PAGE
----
MANUFACTURING output here suffered its biggest slump in more than two years last month, though a modest rebound in electronics was one bright spot. In the latest blow to the ailing sector, output tumbled 8.7 per cent in April from the same month last year, missing market forecasts by a wide margin.
Analysts polled by Bloomberg had expected a less severe 3.6 per cent contraction year on year.
Last month's slowdown follows two straight months of falling output, and is the sharpest drop since February 2013, according to data released yesterday by the Economic Development Board (EDB).
The biomedical cluster was the main drag on growth, nose-diving 28.6 per cent, as volatile pharmaceutical output fell 38 per cent owing to lower production of active pharmaceutical ingredients and biologics products.
Excluding biomedical manufacturing, which accounts for 18 per cent of total production, total industrial output fell 1.9 per cent. But the weakness was not limited to the biomedical cluster.
Of the six manufacturing clusters, only the electronics and chemicals clusters expanded last month. Dr Tan Khay Boon, senior lecturer at SIM Global Education, said last month's numbers reinforce the trend that manufacturing is the "weakest link" among all the sectors in Singapore.
While the electronics cluster - which accounts for a third of all factory activity here - grew 1.2 per cent from a year earlier, Dr Tan warned that unless there is "a large surge in external demand", this growth will be hard to sustain.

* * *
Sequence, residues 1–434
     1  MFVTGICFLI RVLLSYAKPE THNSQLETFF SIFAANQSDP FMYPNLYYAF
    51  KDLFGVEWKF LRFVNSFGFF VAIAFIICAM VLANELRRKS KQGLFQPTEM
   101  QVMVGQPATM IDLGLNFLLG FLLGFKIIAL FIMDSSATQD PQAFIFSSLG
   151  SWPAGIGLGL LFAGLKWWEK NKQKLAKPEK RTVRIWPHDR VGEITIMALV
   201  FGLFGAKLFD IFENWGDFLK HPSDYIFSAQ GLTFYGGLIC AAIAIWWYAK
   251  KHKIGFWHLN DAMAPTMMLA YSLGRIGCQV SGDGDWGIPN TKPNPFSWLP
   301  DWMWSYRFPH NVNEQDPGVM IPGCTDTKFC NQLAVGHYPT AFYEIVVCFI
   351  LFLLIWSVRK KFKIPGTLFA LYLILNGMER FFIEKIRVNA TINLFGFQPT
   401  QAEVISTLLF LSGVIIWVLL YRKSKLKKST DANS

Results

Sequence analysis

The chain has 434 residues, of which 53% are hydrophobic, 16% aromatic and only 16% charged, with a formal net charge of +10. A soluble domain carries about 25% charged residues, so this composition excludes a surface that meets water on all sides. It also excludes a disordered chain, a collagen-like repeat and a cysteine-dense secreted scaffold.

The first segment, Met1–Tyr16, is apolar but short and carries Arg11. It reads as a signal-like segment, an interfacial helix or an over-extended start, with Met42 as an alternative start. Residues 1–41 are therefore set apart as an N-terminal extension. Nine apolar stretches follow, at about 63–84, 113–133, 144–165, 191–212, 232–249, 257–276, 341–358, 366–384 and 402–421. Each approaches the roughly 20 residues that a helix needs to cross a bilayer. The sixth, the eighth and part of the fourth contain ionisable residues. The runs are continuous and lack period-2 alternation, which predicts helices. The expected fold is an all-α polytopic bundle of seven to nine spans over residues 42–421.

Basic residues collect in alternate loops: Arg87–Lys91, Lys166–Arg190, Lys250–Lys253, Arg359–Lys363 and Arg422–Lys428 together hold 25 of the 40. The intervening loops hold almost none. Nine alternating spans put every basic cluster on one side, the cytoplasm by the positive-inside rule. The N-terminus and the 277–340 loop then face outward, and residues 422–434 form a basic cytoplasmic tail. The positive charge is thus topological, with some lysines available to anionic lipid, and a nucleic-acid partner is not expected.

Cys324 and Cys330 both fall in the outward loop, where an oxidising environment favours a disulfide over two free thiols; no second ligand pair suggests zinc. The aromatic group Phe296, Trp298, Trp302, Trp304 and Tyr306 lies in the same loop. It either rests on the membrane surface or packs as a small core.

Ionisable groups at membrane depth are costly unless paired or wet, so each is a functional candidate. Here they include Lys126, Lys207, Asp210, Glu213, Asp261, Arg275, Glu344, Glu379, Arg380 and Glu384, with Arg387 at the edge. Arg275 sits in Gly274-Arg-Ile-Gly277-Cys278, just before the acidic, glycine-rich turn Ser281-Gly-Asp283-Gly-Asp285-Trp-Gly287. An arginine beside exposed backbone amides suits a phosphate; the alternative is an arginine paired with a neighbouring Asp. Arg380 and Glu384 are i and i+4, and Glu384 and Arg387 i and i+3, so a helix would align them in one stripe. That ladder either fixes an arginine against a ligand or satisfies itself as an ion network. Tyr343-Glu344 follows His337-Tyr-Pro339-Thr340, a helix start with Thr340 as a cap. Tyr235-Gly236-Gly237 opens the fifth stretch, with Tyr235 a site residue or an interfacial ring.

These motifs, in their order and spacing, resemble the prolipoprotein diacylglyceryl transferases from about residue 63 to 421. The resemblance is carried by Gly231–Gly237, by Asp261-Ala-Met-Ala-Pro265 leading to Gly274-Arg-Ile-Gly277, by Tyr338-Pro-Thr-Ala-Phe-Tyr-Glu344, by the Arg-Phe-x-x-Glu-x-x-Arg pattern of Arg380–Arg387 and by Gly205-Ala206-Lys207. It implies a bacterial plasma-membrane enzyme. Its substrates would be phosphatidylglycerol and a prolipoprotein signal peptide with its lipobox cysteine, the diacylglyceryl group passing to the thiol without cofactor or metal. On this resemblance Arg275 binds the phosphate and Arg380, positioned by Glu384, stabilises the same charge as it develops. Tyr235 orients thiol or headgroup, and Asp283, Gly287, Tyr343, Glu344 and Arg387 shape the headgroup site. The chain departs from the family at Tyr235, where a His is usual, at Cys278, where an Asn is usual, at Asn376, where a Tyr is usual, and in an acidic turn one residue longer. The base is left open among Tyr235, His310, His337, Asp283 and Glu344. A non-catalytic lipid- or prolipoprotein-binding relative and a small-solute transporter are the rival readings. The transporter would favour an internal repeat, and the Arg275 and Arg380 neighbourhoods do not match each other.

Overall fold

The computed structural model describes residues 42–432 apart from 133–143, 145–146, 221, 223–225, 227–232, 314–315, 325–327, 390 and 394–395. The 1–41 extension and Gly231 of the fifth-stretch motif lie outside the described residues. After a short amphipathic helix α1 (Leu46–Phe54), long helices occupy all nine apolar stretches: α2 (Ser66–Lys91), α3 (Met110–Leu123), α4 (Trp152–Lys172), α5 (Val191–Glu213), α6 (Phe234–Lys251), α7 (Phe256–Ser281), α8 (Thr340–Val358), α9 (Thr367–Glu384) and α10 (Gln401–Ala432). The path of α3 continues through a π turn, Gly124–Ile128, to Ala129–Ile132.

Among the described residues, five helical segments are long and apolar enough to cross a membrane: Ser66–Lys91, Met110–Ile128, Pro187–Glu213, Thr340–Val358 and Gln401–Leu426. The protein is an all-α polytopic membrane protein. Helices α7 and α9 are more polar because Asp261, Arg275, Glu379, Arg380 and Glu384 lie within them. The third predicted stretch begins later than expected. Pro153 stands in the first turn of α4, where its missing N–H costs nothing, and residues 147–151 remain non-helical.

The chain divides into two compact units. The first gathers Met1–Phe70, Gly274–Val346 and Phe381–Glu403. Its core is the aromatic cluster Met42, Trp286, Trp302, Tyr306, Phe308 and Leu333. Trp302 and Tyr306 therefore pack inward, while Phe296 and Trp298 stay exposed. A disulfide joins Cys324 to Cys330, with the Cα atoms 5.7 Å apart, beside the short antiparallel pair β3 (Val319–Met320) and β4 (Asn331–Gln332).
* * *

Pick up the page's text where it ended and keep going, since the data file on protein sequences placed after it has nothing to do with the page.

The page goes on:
JP Morgan analyst Benjamin Shatil agreed: "The hope was that new tech product launches would provide some support to electronics production, but last week's trade data and production reports from other emerging market Asian exporters are sending no clear signal of a lift in the region." The other bright spot came from the chemicals cluster, which grew 3.9 per cent last month from a year ago.
And though the medical technology segment has only a small representation in the biomedical cluster, the EDB is upbeat about the segment, which posted a strong 28.1 per cent growth on "robust demand for medical devices and supplies".
Revised figures for the first quarter economic output were also released yesterday.
Manufacturing output shrank 2.7 per cent from the same period a year earlier, which was not as bad as the advance estimate of a 3.4 per cent contraction. "But this does not mean that the manufacturing sector is out of the doldrums yet," said UOB economist Francis Tan. firstname.lastname@example.org
ELECTRONICS GROWTH HARD TO SUSTAIN
The hope was that new tech product launches would provide some support to electronics production, but last week's trade data and production reports from other emerging market Asian exporters are sending no clear signal of a lift in the region.
- JP Morgan analyst Benjamin Shatil
This article was first published on May 27, 2015.
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